Engineering is about finding solutions to problems. When a prospective client approaches an engineering firm for solutions, engineers have to understand the client’s problems and the relevant engineering constraints. Engineers then need to take these requirements to internal teams and work out a feasible solution, which is then put forward to the client. Proposal engineering is all about this interfacing between external clients and internal processes. It is about personal interaction as well as technical knowledge. Proposal engineers require good awareness of the market so that proposals stand out against market competition.
The word architect comes with its connotation of being important. Architecture is an activity that translates client requirements to high-level product specifications, all constraints considered. The architect would outline major components of the system and define key interfaces. The architect operates on the big picture, leaving the finer details to design engineers. In general, the architect works with many teams across the company from design to testing, from R&D to S&M.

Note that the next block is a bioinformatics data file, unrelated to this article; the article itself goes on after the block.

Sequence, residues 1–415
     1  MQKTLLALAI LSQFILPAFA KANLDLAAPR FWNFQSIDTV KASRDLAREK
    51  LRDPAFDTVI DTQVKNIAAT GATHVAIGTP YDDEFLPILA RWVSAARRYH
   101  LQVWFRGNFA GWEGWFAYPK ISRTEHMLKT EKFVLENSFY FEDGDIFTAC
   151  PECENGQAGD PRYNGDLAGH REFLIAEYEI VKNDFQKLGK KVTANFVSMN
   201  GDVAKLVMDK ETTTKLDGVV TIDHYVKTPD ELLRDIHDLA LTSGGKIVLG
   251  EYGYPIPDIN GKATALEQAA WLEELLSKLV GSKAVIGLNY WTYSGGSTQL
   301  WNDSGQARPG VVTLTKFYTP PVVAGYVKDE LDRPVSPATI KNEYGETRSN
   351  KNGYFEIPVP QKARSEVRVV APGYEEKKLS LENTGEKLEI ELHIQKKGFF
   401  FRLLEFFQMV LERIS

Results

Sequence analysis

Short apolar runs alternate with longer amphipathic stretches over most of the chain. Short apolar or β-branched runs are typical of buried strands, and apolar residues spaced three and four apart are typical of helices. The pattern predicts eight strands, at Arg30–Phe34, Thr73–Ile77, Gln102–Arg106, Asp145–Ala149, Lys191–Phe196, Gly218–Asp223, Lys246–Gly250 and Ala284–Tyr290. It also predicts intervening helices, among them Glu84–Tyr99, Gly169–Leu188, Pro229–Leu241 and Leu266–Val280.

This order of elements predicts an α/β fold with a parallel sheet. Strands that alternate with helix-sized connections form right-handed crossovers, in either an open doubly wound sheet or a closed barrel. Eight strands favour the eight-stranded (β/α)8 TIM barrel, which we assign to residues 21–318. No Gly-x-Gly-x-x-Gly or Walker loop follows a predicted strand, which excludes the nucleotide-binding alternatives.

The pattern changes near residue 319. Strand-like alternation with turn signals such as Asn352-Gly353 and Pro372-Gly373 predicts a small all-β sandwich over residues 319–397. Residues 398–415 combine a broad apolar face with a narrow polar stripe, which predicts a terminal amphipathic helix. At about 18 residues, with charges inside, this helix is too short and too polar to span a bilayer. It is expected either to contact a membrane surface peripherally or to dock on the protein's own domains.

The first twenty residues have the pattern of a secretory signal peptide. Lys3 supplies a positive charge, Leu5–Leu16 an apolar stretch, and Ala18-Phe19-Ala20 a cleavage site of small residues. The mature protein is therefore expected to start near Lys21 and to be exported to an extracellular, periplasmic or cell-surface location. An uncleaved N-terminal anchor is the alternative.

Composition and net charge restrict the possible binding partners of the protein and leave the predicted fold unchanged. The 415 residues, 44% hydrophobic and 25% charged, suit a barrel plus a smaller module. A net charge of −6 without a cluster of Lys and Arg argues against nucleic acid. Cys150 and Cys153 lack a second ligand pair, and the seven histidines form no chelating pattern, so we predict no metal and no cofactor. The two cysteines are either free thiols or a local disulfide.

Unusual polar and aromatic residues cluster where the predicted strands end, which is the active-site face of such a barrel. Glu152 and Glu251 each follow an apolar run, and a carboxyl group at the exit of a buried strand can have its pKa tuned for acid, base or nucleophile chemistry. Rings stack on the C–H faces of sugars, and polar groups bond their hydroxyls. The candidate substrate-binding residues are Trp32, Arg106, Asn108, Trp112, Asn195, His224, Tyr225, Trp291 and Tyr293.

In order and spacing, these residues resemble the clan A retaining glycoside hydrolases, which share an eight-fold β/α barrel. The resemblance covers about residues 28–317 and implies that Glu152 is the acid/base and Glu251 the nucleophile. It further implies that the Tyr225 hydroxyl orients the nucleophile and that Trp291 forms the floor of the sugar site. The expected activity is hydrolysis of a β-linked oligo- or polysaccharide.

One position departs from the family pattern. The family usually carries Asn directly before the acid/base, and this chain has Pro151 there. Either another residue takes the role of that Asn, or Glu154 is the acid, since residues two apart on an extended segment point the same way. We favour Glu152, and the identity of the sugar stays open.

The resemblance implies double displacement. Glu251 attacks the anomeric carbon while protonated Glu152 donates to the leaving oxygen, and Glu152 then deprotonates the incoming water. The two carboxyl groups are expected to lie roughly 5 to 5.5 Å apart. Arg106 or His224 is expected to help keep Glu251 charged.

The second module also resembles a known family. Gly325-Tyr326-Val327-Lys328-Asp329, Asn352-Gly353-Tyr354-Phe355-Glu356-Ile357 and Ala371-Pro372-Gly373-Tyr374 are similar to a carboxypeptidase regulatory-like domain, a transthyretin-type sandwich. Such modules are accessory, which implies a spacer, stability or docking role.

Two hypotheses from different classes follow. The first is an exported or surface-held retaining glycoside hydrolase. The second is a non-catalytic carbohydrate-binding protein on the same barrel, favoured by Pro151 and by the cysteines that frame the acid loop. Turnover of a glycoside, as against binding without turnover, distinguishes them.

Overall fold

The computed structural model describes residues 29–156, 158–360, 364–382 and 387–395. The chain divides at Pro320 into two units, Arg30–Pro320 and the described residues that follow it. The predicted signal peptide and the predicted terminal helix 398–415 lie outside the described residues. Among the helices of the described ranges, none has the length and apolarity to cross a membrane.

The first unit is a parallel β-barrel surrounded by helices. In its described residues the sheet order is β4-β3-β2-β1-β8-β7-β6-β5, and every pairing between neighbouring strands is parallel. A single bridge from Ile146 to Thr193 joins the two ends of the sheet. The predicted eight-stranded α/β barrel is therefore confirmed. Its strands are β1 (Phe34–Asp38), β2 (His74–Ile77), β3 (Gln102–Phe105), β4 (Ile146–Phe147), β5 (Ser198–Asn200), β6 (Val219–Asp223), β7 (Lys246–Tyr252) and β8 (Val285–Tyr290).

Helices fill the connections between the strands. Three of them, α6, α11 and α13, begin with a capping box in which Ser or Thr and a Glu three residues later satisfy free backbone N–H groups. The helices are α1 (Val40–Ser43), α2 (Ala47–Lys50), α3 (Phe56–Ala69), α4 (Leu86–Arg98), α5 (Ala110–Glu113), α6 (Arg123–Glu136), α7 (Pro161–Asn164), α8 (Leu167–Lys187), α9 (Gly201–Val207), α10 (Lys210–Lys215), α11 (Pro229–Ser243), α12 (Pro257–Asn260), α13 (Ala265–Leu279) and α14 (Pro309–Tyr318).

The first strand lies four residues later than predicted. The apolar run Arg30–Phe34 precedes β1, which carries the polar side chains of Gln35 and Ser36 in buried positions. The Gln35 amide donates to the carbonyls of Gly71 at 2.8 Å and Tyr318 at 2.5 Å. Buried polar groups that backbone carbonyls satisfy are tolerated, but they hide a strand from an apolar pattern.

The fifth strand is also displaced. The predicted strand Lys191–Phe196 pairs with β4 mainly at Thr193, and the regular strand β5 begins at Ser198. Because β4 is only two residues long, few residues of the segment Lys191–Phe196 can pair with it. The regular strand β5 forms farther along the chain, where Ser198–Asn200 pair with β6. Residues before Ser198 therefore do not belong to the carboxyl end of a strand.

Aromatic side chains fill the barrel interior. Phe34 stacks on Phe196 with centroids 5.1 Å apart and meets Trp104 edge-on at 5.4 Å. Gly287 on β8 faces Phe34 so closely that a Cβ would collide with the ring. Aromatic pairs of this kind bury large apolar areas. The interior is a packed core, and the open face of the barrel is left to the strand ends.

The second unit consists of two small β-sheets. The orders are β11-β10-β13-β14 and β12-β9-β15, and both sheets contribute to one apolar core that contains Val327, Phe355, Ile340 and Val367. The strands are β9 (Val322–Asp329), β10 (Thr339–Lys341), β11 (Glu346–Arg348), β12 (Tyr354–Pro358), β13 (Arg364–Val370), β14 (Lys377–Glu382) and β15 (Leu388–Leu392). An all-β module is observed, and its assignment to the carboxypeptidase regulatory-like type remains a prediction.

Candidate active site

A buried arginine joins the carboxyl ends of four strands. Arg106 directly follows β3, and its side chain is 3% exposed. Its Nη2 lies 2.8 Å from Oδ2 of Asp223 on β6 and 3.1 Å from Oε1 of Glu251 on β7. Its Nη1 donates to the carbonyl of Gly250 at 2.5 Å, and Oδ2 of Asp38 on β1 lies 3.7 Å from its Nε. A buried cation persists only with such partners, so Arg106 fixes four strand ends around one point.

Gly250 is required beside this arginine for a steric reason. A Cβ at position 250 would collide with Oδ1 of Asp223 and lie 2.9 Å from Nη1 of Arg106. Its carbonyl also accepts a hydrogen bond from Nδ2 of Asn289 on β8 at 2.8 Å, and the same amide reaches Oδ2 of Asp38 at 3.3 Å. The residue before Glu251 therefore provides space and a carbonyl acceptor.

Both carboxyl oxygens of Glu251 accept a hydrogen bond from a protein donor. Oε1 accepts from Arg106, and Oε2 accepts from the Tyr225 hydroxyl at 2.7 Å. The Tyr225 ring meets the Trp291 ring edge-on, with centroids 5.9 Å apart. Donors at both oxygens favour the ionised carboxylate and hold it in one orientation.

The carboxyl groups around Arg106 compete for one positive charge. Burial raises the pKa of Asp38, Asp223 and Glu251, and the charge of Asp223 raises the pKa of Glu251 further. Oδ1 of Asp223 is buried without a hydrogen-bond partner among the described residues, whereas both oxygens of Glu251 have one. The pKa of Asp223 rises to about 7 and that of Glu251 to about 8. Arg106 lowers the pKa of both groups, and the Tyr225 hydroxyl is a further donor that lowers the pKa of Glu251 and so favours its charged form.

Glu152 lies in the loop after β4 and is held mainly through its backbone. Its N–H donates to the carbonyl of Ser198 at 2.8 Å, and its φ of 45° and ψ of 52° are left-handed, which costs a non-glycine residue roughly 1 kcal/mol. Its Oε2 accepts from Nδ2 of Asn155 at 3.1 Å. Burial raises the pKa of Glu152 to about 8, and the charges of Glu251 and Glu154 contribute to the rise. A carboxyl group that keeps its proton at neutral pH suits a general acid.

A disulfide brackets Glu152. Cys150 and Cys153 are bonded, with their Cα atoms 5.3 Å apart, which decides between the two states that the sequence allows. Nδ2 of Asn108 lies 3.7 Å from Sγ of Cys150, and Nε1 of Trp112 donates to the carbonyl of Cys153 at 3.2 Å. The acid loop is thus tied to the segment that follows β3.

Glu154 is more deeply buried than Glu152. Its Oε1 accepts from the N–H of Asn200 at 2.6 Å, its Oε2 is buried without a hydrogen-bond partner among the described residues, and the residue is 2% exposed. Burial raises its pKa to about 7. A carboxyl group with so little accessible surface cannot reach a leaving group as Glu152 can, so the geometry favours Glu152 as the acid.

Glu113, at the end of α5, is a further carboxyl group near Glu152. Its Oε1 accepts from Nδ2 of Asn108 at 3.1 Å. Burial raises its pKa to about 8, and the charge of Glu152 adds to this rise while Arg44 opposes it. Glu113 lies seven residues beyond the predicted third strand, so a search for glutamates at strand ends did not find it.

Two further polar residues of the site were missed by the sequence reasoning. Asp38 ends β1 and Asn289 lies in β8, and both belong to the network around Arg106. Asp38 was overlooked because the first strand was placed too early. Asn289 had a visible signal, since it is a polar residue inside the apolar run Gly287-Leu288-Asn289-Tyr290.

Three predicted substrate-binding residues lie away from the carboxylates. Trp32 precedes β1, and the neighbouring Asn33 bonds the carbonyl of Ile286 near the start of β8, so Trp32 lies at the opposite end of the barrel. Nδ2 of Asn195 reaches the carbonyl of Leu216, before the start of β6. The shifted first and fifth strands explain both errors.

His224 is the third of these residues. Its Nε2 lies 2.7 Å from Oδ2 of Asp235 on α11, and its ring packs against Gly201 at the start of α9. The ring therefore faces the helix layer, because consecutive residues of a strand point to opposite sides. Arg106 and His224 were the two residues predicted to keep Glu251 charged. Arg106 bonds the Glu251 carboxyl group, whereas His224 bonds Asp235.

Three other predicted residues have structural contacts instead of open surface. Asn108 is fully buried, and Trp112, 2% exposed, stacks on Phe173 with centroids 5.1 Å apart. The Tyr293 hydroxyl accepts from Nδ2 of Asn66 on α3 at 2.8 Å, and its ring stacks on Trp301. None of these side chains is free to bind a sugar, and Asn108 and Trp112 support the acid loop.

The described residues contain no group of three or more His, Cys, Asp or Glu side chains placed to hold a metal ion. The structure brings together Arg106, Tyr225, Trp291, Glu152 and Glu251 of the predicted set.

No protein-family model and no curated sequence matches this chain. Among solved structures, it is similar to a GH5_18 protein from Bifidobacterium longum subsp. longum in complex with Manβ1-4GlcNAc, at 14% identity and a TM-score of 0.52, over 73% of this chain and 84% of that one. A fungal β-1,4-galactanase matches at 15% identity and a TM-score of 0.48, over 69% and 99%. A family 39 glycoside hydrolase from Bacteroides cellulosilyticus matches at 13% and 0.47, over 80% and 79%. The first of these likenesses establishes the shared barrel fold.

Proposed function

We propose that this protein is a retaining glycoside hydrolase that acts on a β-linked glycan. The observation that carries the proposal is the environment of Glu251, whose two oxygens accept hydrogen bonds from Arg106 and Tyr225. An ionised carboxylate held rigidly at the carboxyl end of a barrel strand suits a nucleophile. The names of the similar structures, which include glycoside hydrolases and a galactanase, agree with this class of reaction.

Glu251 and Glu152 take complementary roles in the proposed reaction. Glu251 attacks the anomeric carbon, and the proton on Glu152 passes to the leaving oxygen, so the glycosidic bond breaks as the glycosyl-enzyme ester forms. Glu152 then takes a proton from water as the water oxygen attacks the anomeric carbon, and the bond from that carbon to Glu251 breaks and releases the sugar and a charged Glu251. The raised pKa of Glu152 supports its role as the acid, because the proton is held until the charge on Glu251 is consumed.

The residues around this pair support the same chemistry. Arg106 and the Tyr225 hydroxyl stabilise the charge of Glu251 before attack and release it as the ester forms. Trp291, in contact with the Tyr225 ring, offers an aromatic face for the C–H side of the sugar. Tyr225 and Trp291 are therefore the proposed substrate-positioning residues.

Much of today’s engineering activities rely on good software. In addition to software design and programming, software engineers building design software need to be competent with the particular domain for which the software is intended. The job of these engineers is critical since they put effective and efficient software tools into the hands of design engineers.
This is an iterative process in which results of analysis can lead to design improvements and optimizations. Engineers involved in analysis often interact with those who make models and prototypes. Analysis is a difficult and challenging task. While there may be scientific methods of analysis, experience also accounts. Sometimes the best analysts are those who combine science and art in the right proportion, those who find the right balance between logic and intuition.